Every 98 seconds, in the United States, someone is sexually assaulted. Sexual assault has a devastating impact on a person psychologically and physically. Uncertainty, confusion, and fear are the emotional and mental response for all that have been impacted. For the person who is victimized, the impact reverberates through their life. I work with clients that are ready to explore and liberate their sexual selves after experiencing such a trauma. For some, it has been decades since their sexual assault and they are ready for further healing and growth. For others, it has been just a few months. For those assaulted at night, they must even learn to be comfortable in darkness again. There is the process of being receptive of a hug or touch from their partner, child, or friend. There is not a time table for the “finality” of healing. It’s a life altering experience for those individuals and the people closest to them.
When most people think about sexual assault, they think about women. However, I also work with many men. One in 33 men have experienced an attempted or completed rape in their lifetime. Many believe this number is conservative. I agree.
This is sexual assault:
If the genders were reversed, there would be no question that the above behaviors are sexual assault. These are behaviors that I hear often while performing a sexual history assessment with men. More specifically, I hear this with black men. In an article from 2015, sexual coercion is defined as violent forcible rape, mental manipulation, verbal pressure, and use of substances. This study showed that black men are more likely than any other ethnic group to be sexually coerced through manipulation. Angie Gunn LCSW has a clinical practice that focuses on healing from trauma and reclaiming one’s sexuality. She expresses that “Reclaiming sexual pleasure and health after trauma is one of the most challenging, and sometimes overlooked areas of treatment when individuals seek support after an assault.”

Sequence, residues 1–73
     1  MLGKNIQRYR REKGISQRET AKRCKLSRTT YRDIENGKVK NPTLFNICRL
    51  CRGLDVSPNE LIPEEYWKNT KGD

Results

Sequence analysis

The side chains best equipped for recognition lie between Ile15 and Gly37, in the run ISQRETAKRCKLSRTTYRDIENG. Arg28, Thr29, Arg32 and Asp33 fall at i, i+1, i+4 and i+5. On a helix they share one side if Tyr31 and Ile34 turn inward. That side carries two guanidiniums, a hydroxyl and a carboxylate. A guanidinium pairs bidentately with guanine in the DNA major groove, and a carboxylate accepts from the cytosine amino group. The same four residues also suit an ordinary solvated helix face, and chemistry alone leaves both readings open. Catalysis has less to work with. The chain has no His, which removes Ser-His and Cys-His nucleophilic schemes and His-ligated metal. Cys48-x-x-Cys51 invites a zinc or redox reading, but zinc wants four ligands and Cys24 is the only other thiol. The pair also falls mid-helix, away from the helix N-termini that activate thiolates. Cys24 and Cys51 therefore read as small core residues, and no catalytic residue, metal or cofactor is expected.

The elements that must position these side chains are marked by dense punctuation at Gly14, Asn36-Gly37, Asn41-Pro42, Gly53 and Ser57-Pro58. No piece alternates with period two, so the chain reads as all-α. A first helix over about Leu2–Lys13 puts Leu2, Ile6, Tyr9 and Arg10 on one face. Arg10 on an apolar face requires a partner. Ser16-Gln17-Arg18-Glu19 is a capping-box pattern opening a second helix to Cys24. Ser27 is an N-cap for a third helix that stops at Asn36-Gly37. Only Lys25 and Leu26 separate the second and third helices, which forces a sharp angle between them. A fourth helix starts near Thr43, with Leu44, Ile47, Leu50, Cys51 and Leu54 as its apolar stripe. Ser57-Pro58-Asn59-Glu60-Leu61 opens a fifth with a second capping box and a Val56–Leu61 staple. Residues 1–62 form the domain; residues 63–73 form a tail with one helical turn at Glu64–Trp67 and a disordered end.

To avoid over generalization, I speak from my client base over the years.
Those men I have worked with typically seek treatment to work through lack of physical intimacy or poor communication with their partners. With the couple, I ask each one about their first experiences with communication, sexual experiences, and identifying emotional comfort and discomfort. It’s not unusual to hear statements such as, “this chick ran up on me and she did not give me a chance to say no,” “Feelings. That’s some bullshit,” or “She doesn’t have anything to complain about. She can have whatever she wants and I give it to her on the regular.” The partner comes back with, “see, I want more than that.” This is where intimacy is expanded beyond intercourse.
However, vulnerability, affection, and safety were not introduced to these men and without a doubt, it was not welcomed by others. The anthology Hyper Sexual, Hyper Masculine? Gender, Race, and Sexuality in the Identities of Contemporary Black Men discusses how the inescapable stereotypes of black men often stifle their attempts to define themselves. As a therapist, the key is not to reinforce the expectations of others to live within a presumption of who I want the client to be versus who the client wants to be. This is an inter- and intra- personal battle. Engaging the partner on the journey challenges their assumptions of their partner as a man and presumptions of what being a man and a woman look like. There is the history that has frustration and anger that is being sourced and exposed.
The traditional cultural sexual script is highly gendered and prescribes specific, often opposite positions for men and women in heterosexual relationships. This includes that men want recreational sex and woman want relational sex. As a therapist, it is important to distinguish cultural sexual scripts (society’s expectations of masculine and feminine interactions) from gender norms (for the client, the social construction of a man and a woman.) Gender constructs define the person’s sexual desires and belief. These are reinforced via personal interactions. At times these scripts are reshaped by the same constructs and interactions. This is one of the goals of sex therapy. The sex therapist explores attitudes and norms through the sexual interaction of the couple.
It’s important to start at the disembodiment of the man. We explore consent versus coercion. The client and I explore the expectation of behavior from others and expectation of behavior of self. The partner witnesses this process. We create an environment that allows anger, sadness, shame, and fear to be expressed. We emphasize that no one is less of a woman or man if those emotions are expressed or owned. We dismiss and invalidate social and chattel slave history in order to liberate the body, the voice, and the mental chains that oppress. Angie Gunn states that client learns to “…trust your own hand, your own boundary, and listen to your body’s reaction to that touch, provides so much healing.”
This is an aspect of the healing process. The depth of the collaborative treatment is led by the client. The journey begins with the first call.
This post also appeared on Huffington Post here.
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Tickle.Life Editorial Team, Sep 17